It’s well-known that there’s no love lost between Donald J. Trump and the Bush family. They (with the exception of Texas pol George P. Bush) were conspicuously missing from the ranks of Republican leaders who happily or dutifully endorsed the mogul in 2016 or in 2020. And in a new interview with the Texas Tribune, the 43rd president makes it abundantly clear he is miles away from the 45th on a wide range of issues. But he also shows he’s far from the prevailing mood in the party he led for eight years.
George W. Bush (who congratulated Joe Biden for his victory the very day the TV networks called the presidential race for him) emphatically rejected the idea that the 2020 election was “stolen,” said the January 6 Capitol riot left him “sick to my stomach,” and dismissed Trumpism with the words: “History and the United States has shown these populist movements begin to fritter over time, and so I’m optimistic about democracy.”
W. went on to say he thought Biden was “off to a good start,” and professed himself “pleased” at the new president’s first couple of months in office. This is decidedly not a common sentiment among Republicans today. Nor is his outspoken support for a path to citizenship for undocumented immigrants, which he manages to advocate without fulminating about border security. Indeed, Bush just published a new book about the immigrant experience in America, and wants the problems associated with the system to be depoliticized, which is hard to imagine after the last four years.
CNN’s Chris Cillizza read the interview and thought it was remarkable how far the GOP had drifted in the 12 years since Bush left office. But I think Cillizza is understating the significance of the gap between W. and Trump’s party. George W. Bush wasn’t just any old Republican: When nominated and elected in 2000, he was very much the candidate of the conservative wing of the Republican Party, the man who (as Robert Novak influentially put it) may have been the biological heir to George H.W. Bush but was the ideological heir of Ronald Reagan. He was backed in his unexpectedly difficult fight for the presidential nomination by every major figure in the conservative movement and in the Christian right. And until his popularity flagged during his second term, conservatives were pleased with his presidency; there wasn’t a peep of dissent from them when he ran for reelection in 2004.
When movement conservatives did have their occasional doubts about W., they often looked longingly at his younger brother, Jeb, considered the more intellectual and ideological of the two. But for the fact that W. won his 1994 gubernatorial race in Texas while Jeb lost his in Florida, Jeb would have probably been the dynastic candidate for president in 2000, and conservatives would not have needed any persuasion to get behind that idea. He was truly one of them.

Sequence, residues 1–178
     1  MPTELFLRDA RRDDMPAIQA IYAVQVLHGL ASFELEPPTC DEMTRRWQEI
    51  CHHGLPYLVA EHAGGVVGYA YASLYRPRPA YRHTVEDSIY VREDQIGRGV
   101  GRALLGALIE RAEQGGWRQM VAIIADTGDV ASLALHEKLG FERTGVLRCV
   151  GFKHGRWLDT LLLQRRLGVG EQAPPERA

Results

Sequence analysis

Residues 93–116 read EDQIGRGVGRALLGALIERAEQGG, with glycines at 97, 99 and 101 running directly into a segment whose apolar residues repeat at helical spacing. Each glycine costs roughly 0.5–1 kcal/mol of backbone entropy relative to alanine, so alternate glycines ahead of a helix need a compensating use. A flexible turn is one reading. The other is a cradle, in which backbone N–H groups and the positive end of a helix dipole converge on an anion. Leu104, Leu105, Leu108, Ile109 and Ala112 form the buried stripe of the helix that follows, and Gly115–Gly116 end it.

Jeb didn’t suddenly turn RINO before or after Trump ran over him like a freight train from hell in 2016. If you read his tweets today, he’s still an enthusiastic fan of school choice (and a sworn enemy of teachers unions), and reflexively supports non-Trumpian Republicans at every turn. But he, too, denounced Trump’s efforts to contest the 2020 election, and after January 6 had this to say:
Now some Trump defenders would say that the Bush brothers represented not so much “conservatism” but the “Establishment Republicanism” that meant too many compromises with liberals and too little commitment to “America First.” Others might concede the simple fact that in hundreds of particulars the Bushes reflected Reagan-style conservatism — but at the expense of the “populist” support Trump brought to the GOP.
What’s troubling, though, is that “conservatism” has suddenly been recast in Trump’s image. His most avid, idolatrous supporters are in the House Freedom Caucus, once the redoubt for House members who thought the House Republican Study Committee had become too squishy ideologically. The 2016 Trump rival who drew more movement conservative support than Jeb Bush, Ted Cruz, has become a systematic Trump sycophant, and was one of the noisiest of the 2020 election coup participants. Anywhere in the GOP you look, the hard-right tradition seems now to run from Goldwater to Reagan to George W. Bush — and now to Trump.
It’s a disconnect, until you understand that Trump has transformed the conservative movement itself as much as he has transformed the party conservatives have dominated since the 1980s. Yes, there are old-school holdouts like some of the writers at National Review (when they aren’t in one of their anti-anti-Trump moods), and the more committed dissenters at the Bulwark and elsewhere. But even if the 45th president himself fades from sight, there’s a new weird cultural frenzy seizing conservatives. The ancient three-legged stool of free-market economics, national security toughness, and social conservatism is now off balance; today’s conservatives are preoccupied with “wokeness” and “cancel culture,” and a racist zest for law and order and closing the borders. All these themes have been evident in conservative Republican politics for many years, but not in this shrill and dominant form.
That these trends seem alien to George W. and Jeb Bush isn’t a sign of some finicky Establishment disdain for “populism” so much as it may reflect the death of their ideological tradition in the fiery crucible that gave birth to its replacement. If Trumpism begins clearly to outlast Trump, and if the Bush brothers increasingly sound like voices from a far-distant political planet, a decisive shift in what it means to be conservative could be an accomplished fact.